Facebook has today begun to roll-out Facebook Stories to a number of new countries.
Facebook Stories are short user-generated photo and video collections that can be viewed up to two times and disappear after 24 hours.
Correction: A previous version of this post noted that Facebook Stories was rolling out worldwide. It now appears that Stories are actually expanding into a few new countries (Chile, Greece and Vietnam) for testing.
The story format, originated and made famous by Snapchat, has been on Facebook’s radar for some time, with the Menlo Park-based company first testing a Snapchat Stories clone within Messenger in September 2016. Now, Facebook users can share stories within the main Facebook app.
The feature, known as Facebook Stories, is focused around Facebook’s in-app camera which allows users to overlay fun filters and Snapchat-like lenses to their content as well as add visual geolocation tags to their photos and videos. To access the camera, simply swipe right on Facebook’s mobile app.
This follows hotly on the heels of Instagram’s incredibly successful stories launch. Instagram Stories launched in August 2016 and now more than 150m people use Stories daily across the globe.
How Facebook Stories work
Similar to Instagram Stories, content shared to stories will appear at the top of the Facebook News Feed. To view a story, users simply tap a friends’ circle at the top of the app.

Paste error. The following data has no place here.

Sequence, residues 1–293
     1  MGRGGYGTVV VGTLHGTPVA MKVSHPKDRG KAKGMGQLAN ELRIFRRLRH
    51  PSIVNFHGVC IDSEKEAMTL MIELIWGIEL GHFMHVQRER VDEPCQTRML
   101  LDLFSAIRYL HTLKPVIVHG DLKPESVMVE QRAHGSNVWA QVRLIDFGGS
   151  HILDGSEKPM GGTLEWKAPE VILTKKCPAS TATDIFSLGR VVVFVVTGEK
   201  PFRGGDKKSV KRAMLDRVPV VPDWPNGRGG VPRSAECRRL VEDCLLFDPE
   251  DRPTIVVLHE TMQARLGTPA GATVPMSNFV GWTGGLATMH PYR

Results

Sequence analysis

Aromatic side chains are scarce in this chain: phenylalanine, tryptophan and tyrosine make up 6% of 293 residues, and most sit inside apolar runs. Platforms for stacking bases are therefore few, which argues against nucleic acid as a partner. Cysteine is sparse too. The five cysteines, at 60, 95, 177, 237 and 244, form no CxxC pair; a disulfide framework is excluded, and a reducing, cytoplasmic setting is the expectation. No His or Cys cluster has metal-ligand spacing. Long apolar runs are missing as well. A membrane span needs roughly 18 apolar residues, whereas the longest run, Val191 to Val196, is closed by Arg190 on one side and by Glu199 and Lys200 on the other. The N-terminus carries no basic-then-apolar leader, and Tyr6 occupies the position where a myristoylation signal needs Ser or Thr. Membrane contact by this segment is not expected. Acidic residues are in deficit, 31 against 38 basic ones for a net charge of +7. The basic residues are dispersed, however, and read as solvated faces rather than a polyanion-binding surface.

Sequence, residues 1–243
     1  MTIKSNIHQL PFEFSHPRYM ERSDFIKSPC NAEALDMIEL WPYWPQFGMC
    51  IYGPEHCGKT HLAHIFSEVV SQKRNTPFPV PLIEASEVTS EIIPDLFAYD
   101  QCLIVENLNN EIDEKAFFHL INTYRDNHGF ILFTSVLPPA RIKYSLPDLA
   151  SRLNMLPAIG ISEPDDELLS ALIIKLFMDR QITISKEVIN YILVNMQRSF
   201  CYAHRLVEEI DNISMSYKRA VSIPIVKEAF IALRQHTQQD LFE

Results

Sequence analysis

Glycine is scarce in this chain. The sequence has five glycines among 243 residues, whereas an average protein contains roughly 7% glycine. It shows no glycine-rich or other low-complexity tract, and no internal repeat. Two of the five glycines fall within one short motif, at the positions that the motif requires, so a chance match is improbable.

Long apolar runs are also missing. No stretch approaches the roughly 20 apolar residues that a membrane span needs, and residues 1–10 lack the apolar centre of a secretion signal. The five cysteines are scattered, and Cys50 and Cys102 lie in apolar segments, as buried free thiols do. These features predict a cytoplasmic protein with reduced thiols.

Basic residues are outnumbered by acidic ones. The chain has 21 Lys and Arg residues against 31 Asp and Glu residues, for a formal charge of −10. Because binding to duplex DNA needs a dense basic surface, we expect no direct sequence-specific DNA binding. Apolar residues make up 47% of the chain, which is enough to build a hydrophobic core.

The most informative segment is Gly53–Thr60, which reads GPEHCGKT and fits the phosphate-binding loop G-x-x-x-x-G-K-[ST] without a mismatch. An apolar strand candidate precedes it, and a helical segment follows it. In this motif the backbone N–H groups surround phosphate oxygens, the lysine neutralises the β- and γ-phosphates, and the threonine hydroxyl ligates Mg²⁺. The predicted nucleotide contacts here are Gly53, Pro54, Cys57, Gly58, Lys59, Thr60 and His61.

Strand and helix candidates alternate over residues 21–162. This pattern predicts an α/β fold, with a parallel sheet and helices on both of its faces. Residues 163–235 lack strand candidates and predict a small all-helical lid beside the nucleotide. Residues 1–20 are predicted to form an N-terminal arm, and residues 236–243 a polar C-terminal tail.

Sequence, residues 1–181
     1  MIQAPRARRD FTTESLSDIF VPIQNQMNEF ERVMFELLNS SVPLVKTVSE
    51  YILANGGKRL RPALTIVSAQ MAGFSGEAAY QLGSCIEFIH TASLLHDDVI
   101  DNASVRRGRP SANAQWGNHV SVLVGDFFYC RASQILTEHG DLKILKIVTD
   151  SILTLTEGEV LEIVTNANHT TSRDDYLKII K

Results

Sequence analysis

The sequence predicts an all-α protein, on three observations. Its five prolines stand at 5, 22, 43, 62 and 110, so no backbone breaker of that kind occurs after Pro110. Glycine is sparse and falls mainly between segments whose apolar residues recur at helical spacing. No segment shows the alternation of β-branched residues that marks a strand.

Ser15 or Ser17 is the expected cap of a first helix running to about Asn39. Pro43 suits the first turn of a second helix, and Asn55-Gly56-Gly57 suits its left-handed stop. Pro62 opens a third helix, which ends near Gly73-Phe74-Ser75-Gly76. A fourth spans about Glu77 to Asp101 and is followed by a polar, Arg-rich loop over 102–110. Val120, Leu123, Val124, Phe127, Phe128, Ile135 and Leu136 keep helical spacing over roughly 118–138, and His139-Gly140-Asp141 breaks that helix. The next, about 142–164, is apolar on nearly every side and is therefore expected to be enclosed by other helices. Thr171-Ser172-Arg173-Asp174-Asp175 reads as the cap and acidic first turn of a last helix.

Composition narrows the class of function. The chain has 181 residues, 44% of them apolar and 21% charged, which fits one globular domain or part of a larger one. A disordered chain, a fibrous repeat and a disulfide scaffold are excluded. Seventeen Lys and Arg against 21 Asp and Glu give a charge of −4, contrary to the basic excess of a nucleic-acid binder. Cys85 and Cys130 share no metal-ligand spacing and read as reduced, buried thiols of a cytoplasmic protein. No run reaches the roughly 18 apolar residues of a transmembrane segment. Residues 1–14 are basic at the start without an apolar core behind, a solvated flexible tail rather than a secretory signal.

While viewing a story, users can also reply with a direct message.
How to add content to Facebook Stories
Step 1: Access the camera
To create a story on Facebook, you first need to access the camera. You can do this by swiping right on the Facebook mobile app.
Step 2: Create your content
Facebook users can share both photos and videos to stories. Once you have the camera open, you’ll be able to record your video or snap a quick photo. You’ll also notice a range of lenses and filters available to embellish your content.
To take a photo, tap on the button in the center of the screen and to record a video hold down this button.
Step 3: Share to your story
Once you’re happy with the post you’ve created, the next step is to share it to your story. To do this, tap on arrow icon in the center of the screen and then select ‘Your Story’ and tap on the send button in the bottom right of your screen. You can also send your post to selected friends via a direct message.
Once you’ve shared a post to your story, it will display for 24 hours and then be gone forever, just as Snapchat and Instagram Stories work. Videos and photos posted in a Facebook Story won’t show up in the News Feed or on a user’s timeline by default, but users can choose to share to the News Feed as well if they’d like to.
The Facebook Stories update isn’t yet available to all users, but is currently being testing in a number of countries.
A Facebook spokesperson said in an email to Social Pro Daily:
We’ve been testing the new camera in a few other countries for a while, and our goal for this next round of tests in these countries is to learn how people use all three parts of the new camera system, and we hope that eventually we’ll be able to show these sorts of features to the entire community of people on Facebook.
Countering the content collapse: Facebook Stories offer a way to encourage original content
The fuel that has fired Facebook’s extraordinary growth so far is user-generated content.